Ski rental stores are a wet flurry of chaos: too many people, too many skis, too many boots, too many lost hats and some lost kids.
The next challenge en route to the slopes is making it through the gondolas. Getting in and out of a moving gondola, with skis, poles, and heavy ski boots is not easy, even for seasoned skiers. These things sound trite, but believe me, they are quite a hurdle for new skiers. Ski classes mostly start with several rounds of practice, where you go up a little slope on a travelator and have to ski down with your skis in a pizza formation (joined at the tips, far apart at the end, like a slice of pizza – it helps control your speed on a slope). Not easy.
If you do ok on that you get to a slightly steeper slope and start learning to go left and right. And if you do OK on that, you might make it to a chair lift to an even longer slope. I never got that far so I have no idea what comes next. After three days of classes that first year, followed by a single snup tage (trial day) in the second and third year, I gracefully gave up.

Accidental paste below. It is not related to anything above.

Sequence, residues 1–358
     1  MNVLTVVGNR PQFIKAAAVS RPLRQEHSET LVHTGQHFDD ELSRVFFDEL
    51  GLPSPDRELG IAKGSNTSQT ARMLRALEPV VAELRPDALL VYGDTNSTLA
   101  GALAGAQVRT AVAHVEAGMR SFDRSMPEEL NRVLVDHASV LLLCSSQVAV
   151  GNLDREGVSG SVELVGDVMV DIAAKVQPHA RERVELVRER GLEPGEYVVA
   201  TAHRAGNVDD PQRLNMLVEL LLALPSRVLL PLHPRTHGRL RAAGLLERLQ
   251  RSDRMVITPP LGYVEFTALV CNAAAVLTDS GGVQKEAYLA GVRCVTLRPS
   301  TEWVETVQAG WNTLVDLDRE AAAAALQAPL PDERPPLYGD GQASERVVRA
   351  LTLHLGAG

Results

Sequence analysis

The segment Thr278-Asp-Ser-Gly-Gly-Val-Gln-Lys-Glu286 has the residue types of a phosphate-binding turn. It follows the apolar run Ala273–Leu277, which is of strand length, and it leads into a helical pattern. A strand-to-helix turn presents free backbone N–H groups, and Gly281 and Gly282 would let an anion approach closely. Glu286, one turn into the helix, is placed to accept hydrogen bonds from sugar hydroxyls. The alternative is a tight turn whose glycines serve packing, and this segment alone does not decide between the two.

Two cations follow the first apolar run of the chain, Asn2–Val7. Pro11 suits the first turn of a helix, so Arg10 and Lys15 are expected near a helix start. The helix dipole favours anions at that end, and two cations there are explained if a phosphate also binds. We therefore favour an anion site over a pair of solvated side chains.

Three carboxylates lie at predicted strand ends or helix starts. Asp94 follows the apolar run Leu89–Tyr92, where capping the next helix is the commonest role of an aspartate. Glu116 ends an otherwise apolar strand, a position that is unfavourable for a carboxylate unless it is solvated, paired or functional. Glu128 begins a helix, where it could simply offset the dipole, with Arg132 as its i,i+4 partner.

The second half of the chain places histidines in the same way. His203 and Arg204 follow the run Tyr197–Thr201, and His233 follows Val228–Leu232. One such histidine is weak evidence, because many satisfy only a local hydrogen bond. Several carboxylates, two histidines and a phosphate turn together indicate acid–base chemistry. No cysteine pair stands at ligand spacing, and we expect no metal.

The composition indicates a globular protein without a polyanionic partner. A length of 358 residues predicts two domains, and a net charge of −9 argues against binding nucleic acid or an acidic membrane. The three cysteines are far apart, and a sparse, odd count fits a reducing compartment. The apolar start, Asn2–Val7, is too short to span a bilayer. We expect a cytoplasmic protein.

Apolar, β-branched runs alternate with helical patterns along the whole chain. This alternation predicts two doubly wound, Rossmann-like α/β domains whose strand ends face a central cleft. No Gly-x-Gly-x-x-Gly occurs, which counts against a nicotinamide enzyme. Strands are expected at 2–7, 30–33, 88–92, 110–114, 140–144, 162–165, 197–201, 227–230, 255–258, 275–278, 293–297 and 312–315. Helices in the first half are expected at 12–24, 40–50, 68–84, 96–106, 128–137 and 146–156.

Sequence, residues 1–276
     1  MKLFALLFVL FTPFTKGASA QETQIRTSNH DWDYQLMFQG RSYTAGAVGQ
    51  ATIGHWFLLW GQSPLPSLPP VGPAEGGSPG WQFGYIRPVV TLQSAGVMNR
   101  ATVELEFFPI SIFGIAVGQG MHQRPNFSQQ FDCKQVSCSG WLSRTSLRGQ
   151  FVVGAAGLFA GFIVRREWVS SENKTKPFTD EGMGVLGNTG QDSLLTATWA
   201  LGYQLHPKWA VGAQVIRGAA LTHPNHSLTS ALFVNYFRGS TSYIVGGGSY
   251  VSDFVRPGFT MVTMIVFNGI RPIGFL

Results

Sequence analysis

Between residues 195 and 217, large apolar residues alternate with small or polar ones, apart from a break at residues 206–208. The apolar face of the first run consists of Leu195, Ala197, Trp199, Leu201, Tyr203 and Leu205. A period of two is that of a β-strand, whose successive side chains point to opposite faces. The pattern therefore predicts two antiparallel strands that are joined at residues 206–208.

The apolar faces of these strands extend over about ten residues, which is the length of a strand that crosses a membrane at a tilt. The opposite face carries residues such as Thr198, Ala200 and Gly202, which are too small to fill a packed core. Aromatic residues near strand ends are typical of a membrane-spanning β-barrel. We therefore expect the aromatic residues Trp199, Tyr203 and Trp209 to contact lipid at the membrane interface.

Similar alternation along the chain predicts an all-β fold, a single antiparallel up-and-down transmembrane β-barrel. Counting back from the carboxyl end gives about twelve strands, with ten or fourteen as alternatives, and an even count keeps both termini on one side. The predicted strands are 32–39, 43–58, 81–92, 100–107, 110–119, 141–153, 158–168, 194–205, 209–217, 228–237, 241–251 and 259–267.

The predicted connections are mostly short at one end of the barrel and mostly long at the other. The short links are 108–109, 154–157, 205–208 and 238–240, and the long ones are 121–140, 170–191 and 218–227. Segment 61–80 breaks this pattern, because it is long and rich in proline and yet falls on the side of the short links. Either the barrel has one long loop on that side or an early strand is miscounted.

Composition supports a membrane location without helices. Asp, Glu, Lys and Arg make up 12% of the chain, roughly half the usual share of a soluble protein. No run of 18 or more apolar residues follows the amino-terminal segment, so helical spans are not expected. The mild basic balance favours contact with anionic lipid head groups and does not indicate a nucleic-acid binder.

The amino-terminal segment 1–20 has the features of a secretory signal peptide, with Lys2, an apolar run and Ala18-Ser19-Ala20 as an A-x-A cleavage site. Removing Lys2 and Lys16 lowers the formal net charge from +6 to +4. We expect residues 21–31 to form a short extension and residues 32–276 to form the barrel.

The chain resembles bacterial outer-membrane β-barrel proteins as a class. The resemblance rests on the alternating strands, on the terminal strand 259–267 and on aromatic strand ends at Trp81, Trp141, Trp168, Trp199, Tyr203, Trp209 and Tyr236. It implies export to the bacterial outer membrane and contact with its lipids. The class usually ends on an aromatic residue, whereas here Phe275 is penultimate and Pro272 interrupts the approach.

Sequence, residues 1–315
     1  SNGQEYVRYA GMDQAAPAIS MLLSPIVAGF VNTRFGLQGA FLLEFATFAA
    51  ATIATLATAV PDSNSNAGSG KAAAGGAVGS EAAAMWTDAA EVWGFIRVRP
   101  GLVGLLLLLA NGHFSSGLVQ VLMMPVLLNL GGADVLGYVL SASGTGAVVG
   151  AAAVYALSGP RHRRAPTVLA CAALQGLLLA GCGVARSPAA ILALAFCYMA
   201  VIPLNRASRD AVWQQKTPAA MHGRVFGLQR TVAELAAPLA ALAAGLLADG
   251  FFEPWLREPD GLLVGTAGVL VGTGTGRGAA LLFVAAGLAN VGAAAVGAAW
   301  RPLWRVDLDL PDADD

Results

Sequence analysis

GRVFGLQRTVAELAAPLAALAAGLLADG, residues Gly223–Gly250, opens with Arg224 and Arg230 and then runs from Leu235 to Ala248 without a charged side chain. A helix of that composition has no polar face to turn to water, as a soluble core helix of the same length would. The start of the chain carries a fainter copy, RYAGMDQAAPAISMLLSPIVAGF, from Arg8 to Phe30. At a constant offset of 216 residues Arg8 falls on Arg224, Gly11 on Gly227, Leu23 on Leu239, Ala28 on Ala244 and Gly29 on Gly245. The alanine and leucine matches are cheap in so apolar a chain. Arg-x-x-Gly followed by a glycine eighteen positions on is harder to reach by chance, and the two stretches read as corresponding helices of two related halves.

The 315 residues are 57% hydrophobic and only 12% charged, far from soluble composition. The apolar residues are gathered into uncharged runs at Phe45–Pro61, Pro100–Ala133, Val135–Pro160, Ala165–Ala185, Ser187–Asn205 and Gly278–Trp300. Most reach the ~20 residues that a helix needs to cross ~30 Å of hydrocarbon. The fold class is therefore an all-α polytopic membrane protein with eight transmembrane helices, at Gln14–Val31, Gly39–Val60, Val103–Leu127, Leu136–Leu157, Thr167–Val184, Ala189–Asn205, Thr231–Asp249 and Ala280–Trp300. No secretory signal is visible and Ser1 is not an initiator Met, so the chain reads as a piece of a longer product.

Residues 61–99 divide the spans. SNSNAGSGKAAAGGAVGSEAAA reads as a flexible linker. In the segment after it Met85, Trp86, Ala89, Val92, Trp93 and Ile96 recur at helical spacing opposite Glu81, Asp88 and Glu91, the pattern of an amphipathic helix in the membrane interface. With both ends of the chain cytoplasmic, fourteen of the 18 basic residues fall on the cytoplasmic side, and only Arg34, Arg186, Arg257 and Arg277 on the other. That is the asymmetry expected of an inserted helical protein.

The kids in the mean time were doing great! And my family was amazing about my not having done so great; not only did they suggest Tiger Balm cream for my sore rear - every night - but they started to plan the week so the adults only skied three days and could spend the remaining time with me. My in-laws don’t ski anymore and I spend some days with them doing little walks in the village or scouting the local conditoreis (bakers).
Other Pistes to Conquer
Austria is a great destination for people who don’t ski. If you’re a keen hiker, you’ll find yourself in paradise! On a sunny day, you can walk for miles and miles along the periphery of the valley and bask in the glory of the winter sun along the way. Innsbruck has castles, museums, shops, cafés, and amazing rail connectivity to Italy, Switzerland, and Germany.